District Attorney's Death Sets Texas Town On Edge
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This is MORNING EDITION, from NPR News. I'm David Greene.
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And I'm Steve Inskeep. Good morning. Let's follow up, now, on the shooting of a district attorney in Texas. Somebody shot Kaufman County D.A. Mark McLelland and his wife in their home. Weeks ago, his assistant D.A. was also killed; shot on his way to work. Tanya Eiserer is a crime reporter for the Dallas Morning News. She's following the case. Welcome to the program.
TANYA EISERER: Thank you.
INSKEEP: What does the physical evidence of the D.A.'s shooting tell you about that crime?
EISERER: Well, I think it tells us that this was somebody who showed up early Saturday morning and surprised the McLellands. It's believed that Mrs. McLelland actually answered the door. Her body was found towards the front of the house. There were multiple shell casings around her body, and she had been shot multiple times. Mr. McLelland was found towards the rear of the home; and based on the way he was found, they think he was most likely running towards the back bedroom to get a weapon - because he had a weapon in his bedroom. It doesn't appear that he reached his weapon. And he also had multiple gunshot wounds, and there were shell casings around his body as well.
INSKEEP: Now, as we heard about this case, here at NPR, we were a little surprised because we were aware that the assistant D.A. had been shot recently; that there was a lot of concern about that. And people wondered, didn't D.A. McLelland have police protection, at that point?
EISERER: Well, in the weeks after the killing of Mark Hasse, they did put police protection on Mike McLelland and other members of the office. But, you know, you can't maintain, you know, 24-hour protection on somebody, you know, indefinitely. So I think they had - you know, things had kind of started to return to some sense of normal. And, you know, Mike McLelland had publicly said that he carried his weapon and he was prepared, you know, if someone should approach him. But, you know, when someone - in this case, someone came to his house with an assault rifle. So that would be very difficult to defend against.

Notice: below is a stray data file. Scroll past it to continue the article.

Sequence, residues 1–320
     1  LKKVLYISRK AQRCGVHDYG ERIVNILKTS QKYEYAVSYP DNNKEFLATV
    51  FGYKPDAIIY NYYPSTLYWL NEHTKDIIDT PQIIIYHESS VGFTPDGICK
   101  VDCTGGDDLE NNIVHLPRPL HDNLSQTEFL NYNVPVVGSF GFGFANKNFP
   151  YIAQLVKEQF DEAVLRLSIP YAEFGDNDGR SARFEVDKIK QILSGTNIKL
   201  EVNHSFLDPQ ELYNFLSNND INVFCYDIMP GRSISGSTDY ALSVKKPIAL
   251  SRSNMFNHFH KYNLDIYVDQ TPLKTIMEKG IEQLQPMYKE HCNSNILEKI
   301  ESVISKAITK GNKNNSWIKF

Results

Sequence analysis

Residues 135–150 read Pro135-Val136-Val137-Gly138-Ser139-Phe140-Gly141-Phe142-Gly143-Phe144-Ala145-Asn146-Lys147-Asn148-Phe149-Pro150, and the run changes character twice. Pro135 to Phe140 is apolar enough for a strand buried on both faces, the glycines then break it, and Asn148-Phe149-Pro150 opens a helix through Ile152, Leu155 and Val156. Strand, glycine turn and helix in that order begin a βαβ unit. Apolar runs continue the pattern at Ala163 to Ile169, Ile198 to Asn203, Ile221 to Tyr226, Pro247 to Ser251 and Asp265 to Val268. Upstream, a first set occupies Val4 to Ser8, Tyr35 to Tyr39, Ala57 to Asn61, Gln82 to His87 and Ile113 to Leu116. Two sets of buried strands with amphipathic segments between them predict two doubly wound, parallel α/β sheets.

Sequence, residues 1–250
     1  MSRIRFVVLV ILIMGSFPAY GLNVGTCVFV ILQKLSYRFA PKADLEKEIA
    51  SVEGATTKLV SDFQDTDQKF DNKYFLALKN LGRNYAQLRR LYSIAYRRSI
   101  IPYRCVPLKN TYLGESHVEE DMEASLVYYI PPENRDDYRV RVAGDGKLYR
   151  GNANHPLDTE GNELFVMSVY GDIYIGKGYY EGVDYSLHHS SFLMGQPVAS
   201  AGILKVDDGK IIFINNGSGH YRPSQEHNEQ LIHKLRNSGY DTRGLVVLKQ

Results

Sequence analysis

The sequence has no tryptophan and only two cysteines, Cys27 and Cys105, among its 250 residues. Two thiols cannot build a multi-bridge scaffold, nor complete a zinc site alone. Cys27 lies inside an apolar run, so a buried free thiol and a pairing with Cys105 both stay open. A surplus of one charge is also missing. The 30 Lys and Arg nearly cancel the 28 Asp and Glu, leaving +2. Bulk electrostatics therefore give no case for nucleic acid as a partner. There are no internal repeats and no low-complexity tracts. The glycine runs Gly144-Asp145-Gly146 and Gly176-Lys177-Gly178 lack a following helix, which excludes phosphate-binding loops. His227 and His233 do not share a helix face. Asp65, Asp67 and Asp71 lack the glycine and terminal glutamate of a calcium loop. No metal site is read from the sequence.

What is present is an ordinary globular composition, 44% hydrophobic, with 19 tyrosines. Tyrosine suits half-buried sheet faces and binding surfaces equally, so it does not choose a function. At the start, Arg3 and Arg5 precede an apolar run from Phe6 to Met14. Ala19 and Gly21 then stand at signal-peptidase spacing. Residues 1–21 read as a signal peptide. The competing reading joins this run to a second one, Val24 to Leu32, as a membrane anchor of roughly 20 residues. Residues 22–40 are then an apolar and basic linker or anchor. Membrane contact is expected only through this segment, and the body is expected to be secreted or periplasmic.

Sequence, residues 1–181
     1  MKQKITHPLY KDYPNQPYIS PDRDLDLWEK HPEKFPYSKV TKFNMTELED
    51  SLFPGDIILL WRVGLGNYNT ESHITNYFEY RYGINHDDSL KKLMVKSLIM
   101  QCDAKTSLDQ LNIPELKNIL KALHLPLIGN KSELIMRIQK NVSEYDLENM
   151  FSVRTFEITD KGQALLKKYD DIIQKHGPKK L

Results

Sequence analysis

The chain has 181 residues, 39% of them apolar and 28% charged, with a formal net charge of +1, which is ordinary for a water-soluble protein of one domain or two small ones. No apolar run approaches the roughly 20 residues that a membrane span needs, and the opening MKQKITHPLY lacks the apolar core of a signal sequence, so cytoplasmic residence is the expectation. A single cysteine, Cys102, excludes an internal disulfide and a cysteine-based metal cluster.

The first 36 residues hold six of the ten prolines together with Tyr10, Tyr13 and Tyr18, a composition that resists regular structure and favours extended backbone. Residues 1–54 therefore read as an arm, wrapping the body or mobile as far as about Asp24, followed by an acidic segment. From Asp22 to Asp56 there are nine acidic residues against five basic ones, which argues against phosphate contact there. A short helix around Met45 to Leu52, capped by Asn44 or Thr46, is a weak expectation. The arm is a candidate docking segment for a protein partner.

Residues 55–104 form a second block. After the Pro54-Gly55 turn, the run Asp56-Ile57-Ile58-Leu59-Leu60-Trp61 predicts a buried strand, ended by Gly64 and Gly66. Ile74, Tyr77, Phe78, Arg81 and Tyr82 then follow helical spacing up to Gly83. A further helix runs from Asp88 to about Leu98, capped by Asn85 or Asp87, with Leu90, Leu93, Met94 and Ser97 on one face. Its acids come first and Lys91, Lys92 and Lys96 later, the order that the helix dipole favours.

INSKEEP: Well, let's try to understand what possible suspects are out there. I suppose investigators must begin with cases that this office pursued, right?
EISERER: Right. You know, there has been a massive effort to look at all the office's cases; potential, you know, suspects who may have some sort of revenge motive. Some people have talked about the Aryan Brotherhood of Texas because as you know, there was a bulletin put out in December by the Texas Department of Public Safety, about, you know, potential threats to law enforcement - not directed specifically at Kaufman County, but that the group was planning to carry out attacks. And so that's definitely been one angle that's been looked at. They've also been looking at, you know, cartels - you know, because...
INSKEEP: Drug cartels.
EISERER: ...Kaufman County had a reputation for being, you know, very tough, very law and order in their approach to things. You know, then there's sort of the outliers. There have been some, you know, names - and I won't say them publicly - of people that have been floated as potential suspects in cases that had been tried and people that were very angry. But I think that the most troubling thing about all this is that law enforcement, from what I understand - and from my conversations with various officials - they don't have any solid leads against anybody.
INSKEEP: Well, given that that's the case, let's just try to go back to that physical evidence from the crime scene, about which you have learned so much. When police look at what they see - the position of the bodies, the number of shell casings on the ground, any other evidence they may have; do they see this as a crime that was committed by a single person or multiple people?
EISERER: Most of the people I've talked to think it was probably one attacker with an assault rifle, but I don't think they're completely sure. They are hopeful - because there were so many shell casings - that they'll be able to get fingerprints, or something else, that might yield a suspect. In the earlier killing of Mark Hasse, there weren't any shells left behind, so there was no physical evidence. And the witness accounts were pretty vague. And so what had happened in the earlier case was, you know, they had run down hundreds of leads. But they had not been able to really come, you know, upon one that would, you know, really take them in a direction where they could make an arrest.
INSKEEP: What's Kaufman County, Texas, like?
EISERER: I mean, this is a rural area. You know, it's about 20, 25 miles from Dallas. In fact, I know a lot of police officers that live out there. And they live about there because, you know, it's quiet; it's bucolic; it's - you know, it's a nice place to raise your kids. This is not the kind of thing where you expect something like this to happen. And of course, you know, we wouldn't expect it to happen in Dallas, either, because when have you ever heard of something like this? I mean, I haven't. I've covered law enforcement for, you know, 17 years. And something like this is just unprecedented. I mean, the first death was unprecedented and then now, with this, it's just an unbelievable situation.
INSKEEP: Tanya Eiserer, crime reporter for The Dallas Morning News, thanks very much.
EISERER: Appreciate it.
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